Philip Glass and Third Coast Percussion launch a world premiere for Humanities Fest

November 6, 2018
by Howard Reich

Come Friday night, Chicago-based Third Coast Percussion will make a bit of music history.

For as part of the Chicago Humanities Festival,the unconventional quartet will play the world premiere of Philip Glass’ “Perpetulum,” which the ensemble commissioned.

Not that it’s easy to get a composer of Glass’ stature to write music for you.

“We kind of never dreamed he would actually say yes,” explains TCP ensemble member and executive director David Skidmore.

“We hoped he would, of course.”

Why Glass?

“One of the really important artistic missions for our organization is commissioning iconic composers – composers who are in the history books already and still writing music,” explains Skidmore.

“Because no one asked Bartok to write a percussion quartet, no one asked Stravinsky to write a percussion quartet, no one asked Shostakovich to write a percussion quartet.

If we don’t ask them,” adds Skidmore, referring to today’s giants, “maybe no one will ask them.”

“Asking Philip was crucial. It doesn’t even do justice to say we’ve been fans. He has been a part of the musical landscape, his influence in music of so many other composers we play and so many bands we listen to seemed like such a natural fit.”

Indeed, one would be hard-pressed to name many non-commercial composers who have reached a wider audience than Glass. But considering that, at 81, the man still tours the world constantly and cannot possibly fulfill more than a fraction of all the commissions he’s offered, one wonders why he agreed to write for a percussion quartet, of all things.

“It’s a high-end percussion outfit – they’re very good players,” says Glass, singing TCP’s praises.

“These are not people who get together on the weekend to play. These are people who are devoted.”

That they are, as evidenced by TCP’s brisk touring schedule and long list of commissions, including works by stylistically far-flung composers such as Augusta Read Thomas and Glenn Kotche.

In the case of “Perpetulum,” the musicians came up with an intriguing way of bringing the new work to life.

“I didn’t consult them on the music,” says Glass. “I simply wrote the piece. The way it worked was I would send the music, and they would record it and send it back to me. If they had ideas about some of the playing, they could show me what they wanted to do. That went on for maybe five or six weeks.”

Or, as Skidmore puts it, “He’s a consummate professional. As busy as he is, he turned in the score when he said he would, which is not something I would say for some of his peers. The score showed up, we read through it and recorded it and sent it to him.”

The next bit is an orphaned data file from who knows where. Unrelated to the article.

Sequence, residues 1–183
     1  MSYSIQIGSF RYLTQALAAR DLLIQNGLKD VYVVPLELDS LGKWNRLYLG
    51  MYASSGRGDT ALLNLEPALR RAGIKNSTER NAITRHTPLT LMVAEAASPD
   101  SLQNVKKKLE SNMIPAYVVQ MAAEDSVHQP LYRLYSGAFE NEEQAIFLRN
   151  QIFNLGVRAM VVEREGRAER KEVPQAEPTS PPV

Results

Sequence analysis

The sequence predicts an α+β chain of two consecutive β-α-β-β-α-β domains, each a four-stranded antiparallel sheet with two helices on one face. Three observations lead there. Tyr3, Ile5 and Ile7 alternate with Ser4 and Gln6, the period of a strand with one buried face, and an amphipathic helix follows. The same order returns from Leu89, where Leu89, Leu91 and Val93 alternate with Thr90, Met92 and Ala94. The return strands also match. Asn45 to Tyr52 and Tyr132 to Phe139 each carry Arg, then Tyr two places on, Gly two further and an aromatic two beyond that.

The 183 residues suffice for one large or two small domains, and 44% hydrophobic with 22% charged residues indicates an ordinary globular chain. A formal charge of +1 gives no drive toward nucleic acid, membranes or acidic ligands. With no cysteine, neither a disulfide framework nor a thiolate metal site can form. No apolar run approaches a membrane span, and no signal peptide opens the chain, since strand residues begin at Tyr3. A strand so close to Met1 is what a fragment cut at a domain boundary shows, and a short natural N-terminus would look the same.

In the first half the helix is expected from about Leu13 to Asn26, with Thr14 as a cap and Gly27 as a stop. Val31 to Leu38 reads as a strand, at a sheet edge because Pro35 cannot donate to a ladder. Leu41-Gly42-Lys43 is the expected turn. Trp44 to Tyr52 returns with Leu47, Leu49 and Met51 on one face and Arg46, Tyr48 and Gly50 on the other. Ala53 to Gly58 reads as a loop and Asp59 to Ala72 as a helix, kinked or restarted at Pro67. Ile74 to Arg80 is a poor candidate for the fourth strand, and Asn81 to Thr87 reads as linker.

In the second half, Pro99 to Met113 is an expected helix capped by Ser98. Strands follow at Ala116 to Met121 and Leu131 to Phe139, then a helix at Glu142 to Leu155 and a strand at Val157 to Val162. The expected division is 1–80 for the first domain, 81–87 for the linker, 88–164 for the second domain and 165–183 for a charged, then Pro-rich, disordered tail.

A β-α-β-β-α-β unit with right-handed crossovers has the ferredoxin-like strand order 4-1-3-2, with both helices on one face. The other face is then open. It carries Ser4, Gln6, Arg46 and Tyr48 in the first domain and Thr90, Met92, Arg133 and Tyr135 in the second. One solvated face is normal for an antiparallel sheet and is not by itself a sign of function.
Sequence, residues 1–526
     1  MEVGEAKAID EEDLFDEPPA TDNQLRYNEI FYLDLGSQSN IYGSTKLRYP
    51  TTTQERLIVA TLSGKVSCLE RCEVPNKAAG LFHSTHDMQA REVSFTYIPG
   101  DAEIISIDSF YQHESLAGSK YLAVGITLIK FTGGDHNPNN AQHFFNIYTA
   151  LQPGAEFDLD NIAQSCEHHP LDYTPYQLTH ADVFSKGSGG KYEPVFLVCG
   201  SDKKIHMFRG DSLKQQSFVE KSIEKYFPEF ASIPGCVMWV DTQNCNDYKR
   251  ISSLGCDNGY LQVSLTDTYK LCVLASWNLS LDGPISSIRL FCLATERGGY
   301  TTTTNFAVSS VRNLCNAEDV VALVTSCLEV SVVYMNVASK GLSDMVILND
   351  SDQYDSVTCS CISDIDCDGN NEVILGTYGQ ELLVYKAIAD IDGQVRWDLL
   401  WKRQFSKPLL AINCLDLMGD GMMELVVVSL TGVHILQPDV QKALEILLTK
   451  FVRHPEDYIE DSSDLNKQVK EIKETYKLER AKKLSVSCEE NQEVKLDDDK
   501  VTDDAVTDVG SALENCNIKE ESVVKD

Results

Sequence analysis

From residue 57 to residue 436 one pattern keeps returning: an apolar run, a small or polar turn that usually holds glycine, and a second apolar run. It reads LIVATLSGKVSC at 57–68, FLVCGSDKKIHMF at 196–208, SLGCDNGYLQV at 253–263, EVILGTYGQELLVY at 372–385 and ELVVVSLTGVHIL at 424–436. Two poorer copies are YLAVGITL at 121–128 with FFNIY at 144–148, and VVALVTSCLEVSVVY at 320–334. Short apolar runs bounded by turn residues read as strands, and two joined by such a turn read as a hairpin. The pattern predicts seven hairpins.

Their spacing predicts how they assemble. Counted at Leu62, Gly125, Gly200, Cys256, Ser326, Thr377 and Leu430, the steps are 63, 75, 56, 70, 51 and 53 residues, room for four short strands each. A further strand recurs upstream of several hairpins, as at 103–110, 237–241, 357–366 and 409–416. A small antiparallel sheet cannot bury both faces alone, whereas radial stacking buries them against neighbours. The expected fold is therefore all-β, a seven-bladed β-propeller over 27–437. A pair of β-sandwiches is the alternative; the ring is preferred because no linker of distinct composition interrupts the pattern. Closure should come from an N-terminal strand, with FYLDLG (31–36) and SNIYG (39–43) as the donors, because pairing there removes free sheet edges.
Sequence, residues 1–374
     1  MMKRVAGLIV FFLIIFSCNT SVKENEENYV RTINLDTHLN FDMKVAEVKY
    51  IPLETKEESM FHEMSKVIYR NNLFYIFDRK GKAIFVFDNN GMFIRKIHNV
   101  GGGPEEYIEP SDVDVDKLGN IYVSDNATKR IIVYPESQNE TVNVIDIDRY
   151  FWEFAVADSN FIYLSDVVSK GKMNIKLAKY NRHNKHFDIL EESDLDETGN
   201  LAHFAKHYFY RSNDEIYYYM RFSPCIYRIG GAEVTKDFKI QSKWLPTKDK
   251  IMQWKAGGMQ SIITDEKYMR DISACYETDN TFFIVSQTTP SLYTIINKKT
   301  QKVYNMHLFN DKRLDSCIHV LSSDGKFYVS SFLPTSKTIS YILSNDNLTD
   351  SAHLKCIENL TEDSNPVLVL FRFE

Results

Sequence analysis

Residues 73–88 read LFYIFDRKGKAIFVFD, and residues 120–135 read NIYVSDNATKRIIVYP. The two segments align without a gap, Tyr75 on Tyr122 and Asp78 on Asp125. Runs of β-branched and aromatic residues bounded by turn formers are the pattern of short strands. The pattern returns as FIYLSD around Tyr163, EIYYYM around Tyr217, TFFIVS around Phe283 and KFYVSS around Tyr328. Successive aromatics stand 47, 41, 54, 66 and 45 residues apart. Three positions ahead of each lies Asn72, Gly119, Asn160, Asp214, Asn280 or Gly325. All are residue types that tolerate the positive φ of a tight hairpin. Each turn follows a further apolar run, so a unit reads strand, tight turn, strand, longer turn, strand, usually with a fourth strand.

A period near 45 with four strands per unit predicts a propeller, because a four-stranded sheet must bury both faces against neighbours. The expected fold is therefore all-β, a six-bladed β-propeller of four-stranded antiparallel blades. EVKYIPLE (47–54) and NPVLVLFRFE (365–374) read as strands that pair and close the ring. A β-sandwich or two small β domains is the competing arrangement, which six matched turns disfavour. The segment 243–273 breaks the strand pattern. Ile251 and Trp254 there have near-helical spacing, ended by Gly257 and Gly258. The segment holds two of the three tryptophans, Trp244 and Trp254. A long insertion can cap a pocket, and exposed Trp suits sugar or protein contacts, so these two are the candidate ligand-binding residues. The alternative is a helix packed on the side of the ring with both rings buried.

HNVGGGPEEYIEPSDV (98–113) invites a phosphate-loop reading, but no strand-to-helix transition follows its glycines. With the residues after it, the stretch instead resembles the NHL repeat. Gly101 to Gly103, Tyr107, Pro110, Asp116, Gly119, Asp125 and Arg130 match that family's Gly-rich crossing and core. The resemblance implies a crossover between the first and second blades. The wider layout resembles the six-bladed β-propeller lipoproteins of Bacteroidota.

They repeated the process several times, as Glass refined the piece.

As for the structure of the work, “I went at it in a different way than most people might,” says Glass. “I assigned each of the players a certain number of instruments that they could play, so there shouldn’t be a lot of running around on the stage.

“The other thing I was interested in was approaching it as an orchestration issue as well as a compositional one. In other words, you have all these different instruments that are available to them, and, as with an orchestra, that doesn’t meant you’re using them all the time. … There are some that become more dominant.”

Glass adds that he left space for a TCP cadenza, “because I wanted them to have a crack at the music by themselves. I suggested they take some the thematic material and develop it themselves.”

Which is exactly what they’ve done, says Skidmore, who with his colleagues decided to write out the cadenza rather than improvise it.

Though Skidmore and friends were surprised that Glass took on the project, the composer says he was eager to do so.

“I had to wait a long time before anyone asked me to do this,” says Glass. “I would have done it any time.”

Friday’s program will begin with Glass playing solo piano, followed by an onstage interview with Skidmore and, finally, the “Perpetulum” world premiere, with Glass as listener, not performer.

Then the composer will be off to his next engagement, the musician still maintaining a remarkably busy itinerary.

“I’m slowing down – I’ve been on the road for 50 years – I’m going to spend more time writing,” promises Glass, whose nonmusical writing won him the Tribune Literary Award in 2016 for his engaging autobiography, Words Without Music: A Memoir.

“For me, airplane travel has become extremely difficult,” adds Glass. “It’s not comfortable, the whole security routine is annoying at the very least. … I’m tired of the onerous nature of the activity. So I’m going to cut it down somewhat. I’m still interested in playing; I’m just not going to do as much.”

Still, Glass has an especially important engagement coming up next month: He’ll receive a Kennedy Center Honor in Washington, D.C.

“I was totally surprised, but I was very pleased,” says Glass.

“I figure it’s important for concert music to be represented in these big things where we’re usually not represented,” he says of a prize that this year also will go to pop stars Cher and Reba McEntire, among others.

“There I am with them.”

Philip Glass and Third Coast Percussion perform at 7 p.m. Friday at Francis W. Parker School, 330 W. Webster Ave.; the event is sold-out, but callers can be added to a waiting list at 312-605-8444; www.chicagohumanities.org.


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